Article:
With the announcement that the Ohio State board of trustees is going to vote on premium pricing for certain football games, the value of tickets is becoming a sizzling topic.
The school’s Athletic Council reportedly will recommend that two games each season be designated as “premier” starting in 2013, with tickets costing between $110 and $150 each. In 2016, there will be just one premier game, likely against Michigan, with tickets costing $175 each. That is well more than double how much it cost to attend the Michigan game this past November.What is an Ohio State football ticket actually worth?
A ticket to the 2002 Michigan game, which offered Ohio State a chance to clinch a spot in the national championship game, would have been worth hundreds of dollars. But a ticket to last fall’s game against Alabama-Birmingham might not have been worth hundreds of cents.Because the Athletic Council might also recommend raising ticket prices for nonpremium games from $70 to $79, the idea of playing nonconference snoozers each year might become an even more fervent debate than the premium prices. Several of those games didn’t even sell out last year, which suggests that Ohio State already has found a price point where the demand no longer exceeds supply.
But the opponent isn’t the only factor that determines the value of a ticket. The location of the seat is another. Is a seat in the top row of the South Stands really worth $175?Circumstances are another factor, meaning the records of the teams, where they are in the conference or national standings, and what truly is at stake.
The latter explains why many of us would have gladly paid $500 for a ticket to the 2002 Michigan game. It explains why many of us would have done it again in 2006 when the stakes were the same and Ohio State and Michigan were ranked No. 1 and No. 2.Some of us might have even paid $200 or $300 a ticket to see last season’s Michigan game because the Wolverines had won in 2011 and the Buckeyes were trying to finish off an unbeaten season.
The problem is that mitigating factors are determined well after the ticket department sends out the tickets. The only people who benefit from improved conditions are the ticket holders, both fans and scalpers.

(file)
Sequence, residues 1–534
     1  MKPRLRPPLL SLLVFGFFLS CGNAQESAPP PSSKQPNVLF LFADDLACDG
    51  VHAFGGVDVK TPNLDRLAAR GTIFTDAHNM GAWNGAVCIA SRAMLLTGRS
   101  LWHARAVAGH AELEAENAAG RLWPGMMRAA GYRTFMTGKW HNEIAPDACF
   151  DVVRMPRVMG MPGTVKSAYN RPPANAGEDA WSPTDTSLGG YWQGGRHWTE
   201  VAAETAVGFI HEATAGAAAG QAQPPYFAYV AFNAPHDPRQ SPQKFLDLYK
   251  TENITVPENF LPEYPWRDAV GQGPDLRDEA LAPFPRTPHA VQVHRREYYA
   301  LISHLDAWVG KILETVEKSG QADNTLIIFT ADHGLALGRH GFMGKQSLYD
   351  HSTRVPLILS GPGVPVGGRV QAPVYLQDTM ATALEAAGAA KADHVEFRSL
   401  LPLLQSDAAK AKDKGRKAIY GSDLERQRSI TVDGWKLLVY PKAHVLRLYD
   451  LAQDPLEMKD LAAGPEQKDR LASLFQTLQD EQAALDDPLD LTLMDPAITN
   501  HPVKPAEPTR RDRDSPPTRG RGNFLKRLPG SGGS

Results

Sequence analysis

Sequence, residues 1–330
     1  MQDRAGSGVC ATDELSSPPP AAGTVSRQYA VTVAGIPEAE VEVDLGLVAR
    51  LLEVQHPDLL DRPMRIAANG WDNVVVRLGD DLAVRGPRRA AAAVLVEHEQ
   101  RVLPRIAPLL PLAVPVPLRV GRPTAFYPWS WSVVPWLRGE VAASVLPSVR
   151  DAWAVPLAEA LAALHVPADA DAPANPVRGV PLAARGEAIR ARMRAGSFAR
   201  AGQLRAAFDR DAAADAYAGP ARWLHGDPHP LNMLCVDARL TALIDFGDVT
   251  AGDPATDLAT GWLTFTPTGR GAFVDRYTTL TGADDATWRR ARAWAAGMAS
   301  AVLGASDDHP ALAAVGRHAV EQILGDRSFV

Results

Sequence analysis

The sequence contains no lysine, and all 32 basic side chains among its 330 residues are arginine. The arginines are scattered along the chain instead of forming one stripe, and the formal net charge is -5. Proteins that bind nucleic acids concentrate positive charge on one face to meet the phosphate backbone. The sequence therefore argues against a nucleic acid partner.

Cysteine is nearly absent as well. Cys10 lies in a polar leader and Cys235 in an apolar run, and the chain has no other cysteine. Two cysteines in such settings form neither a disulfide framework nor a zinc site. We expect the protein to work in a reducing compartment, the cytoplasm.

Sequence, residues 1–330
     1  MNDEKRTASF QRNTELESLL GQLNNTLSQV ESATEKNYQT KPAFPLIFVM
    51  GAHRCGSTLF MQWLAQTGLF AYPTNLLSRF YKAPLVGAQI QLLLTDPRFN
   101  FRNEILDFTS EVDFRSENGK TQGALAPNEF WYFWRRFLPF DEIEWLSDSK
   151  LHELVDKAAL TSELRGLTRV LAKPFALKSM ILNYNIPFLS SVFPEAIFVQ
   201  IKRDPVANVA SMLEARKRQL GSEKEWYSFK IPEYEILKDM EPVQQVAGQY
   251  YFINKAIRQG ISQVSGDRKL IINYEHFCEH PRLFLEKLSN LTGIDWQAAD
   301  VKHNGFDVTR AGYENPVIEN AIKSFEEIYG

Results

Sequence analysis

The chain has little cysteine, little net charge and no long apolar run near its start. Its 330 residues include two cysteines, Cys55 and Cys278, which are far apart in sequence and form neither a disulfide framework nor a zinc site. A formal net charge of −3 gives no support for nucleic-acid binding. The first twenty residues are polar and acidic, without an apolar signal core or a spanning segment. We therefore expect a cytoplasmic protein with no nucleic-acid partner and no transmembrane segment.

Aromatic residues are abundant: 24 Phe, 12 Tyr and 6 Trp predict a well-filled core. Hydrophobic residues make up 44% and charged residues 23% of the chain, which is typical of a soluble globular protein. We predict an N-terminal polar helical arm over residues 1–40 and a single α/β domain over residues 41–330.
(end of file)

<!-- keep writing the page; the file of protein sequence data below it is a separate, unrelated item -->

That’s why Ohio State and many ticket sellers are trying to get what they can up front, which is understandable. But there also is a difference between pro sports and college sports, which has a limited schedule and a large portion of the seats go to fans who agree to donate a minimum amount to the university.What if some donors get fed up with the price increases and decide to buy only the games they want on the secondary market? And if the widespread belief that tickets are hard to get is lost, how does that affect demand?
Athletic Council vice chairwoman Antoinette Miranda told Dispatch colleague Bill Rabinowitz that “I think there is an expectation that there will be a backlash, (but) we do know that people on StubHub pay way more than $175 for a ticket.”
The question, though, is how many people “pay way more” on the secondary market, and when do they do it. Paying big bucks after the stakes have risen is a different scenario. By contrast, the minimal value of bad nonconference games is known in advance; they are worth face value only to season-ticket holders who have to order them to get Michigan or Wisconsin tickets.
Premium prices for premier games are clearly part of today’s sports world, but all of this suggests that Ohio State officials might want to proceed in this direction a little more conservatively.
They are tinkering with a ticket structure that has proved to be a good thing.
Bob Hunter is a sports columnist for The Dispatch.